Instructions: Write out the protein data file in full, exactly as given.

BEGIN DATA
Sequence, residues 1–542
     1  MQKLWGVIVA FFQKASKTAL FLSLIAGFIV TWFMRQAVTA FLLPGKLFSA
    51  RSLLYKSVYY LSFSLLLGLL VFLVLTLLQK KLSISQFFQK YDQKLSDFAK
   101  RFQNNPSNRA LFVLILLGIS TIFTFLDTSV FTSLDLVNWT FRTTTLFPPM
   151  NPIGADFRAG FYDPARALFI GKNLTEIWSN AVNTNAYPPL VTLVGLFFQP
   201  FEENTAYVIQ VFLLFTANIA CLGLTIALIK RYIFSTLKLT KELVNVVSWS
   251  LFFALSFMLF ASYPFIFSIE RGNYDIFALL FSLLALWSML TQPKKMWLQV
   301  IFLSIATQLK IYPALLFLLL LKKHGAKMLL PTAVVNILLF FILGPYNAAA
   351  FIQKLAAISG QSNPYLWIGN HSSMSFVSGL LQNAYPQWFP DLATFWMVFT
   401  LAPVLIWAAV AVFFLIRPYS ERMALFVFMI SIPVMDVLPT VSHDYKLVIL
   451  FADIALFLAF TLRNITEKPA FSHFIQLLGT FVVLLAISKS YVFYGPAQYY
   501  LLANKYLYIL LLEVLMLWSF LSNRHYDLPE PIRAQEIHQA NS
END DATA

Sequence, residues 1–542
     1  MQKLWGVIVA FFQKASKTAL FLSLIAGFIV TWFMRQAVTA FLLPGKLFSA
    51  RSLLYKSVYY LSFSLLLGLL VFLVLTLLQK KLSISQFFQK YDQKLSDFAK
   101  RFQNNPSNRA LFVLILLGIS TIFTFLDTSV FTSLDLVNWT FRTTTLFPPM
   151  NPIGADFRAG FYDPARALFI GKNLTEIWSN AVNTNAYPPL VTLVGLFFQP
   201  FEENTAYVIQ VFLLFTANIA CLGLTIALIK RYIFSTLKLT KELVNVVSWS
   251  LFFALSFMLF ASYPFIFSIE RGNYDIFALL FSLLALWSML TQPKKMWLQV
   301  IFLSIATQLK IYPALLFLLL LKKHGAKMLL PTAVVNILLF FILGPYNAAA
   351  FIQKLAAISG QSNPYLWIGN HSSMSFVSGL LQNAYPQWFP DLATFWMVFT
   401  LAPVLIWAAV AVFFLIRPYS ERMALFVFMI SIPVMDVLPT VSHDYKLVIL
   451  FADIALFLAF TLRNITEKPA FSHFIQLLGT FVVLLAISKS YVFYGPAQYY
   501  LLANKYLYIL LLEVLMLWSF LSNRHYDLPE PIRAQEIHQA NS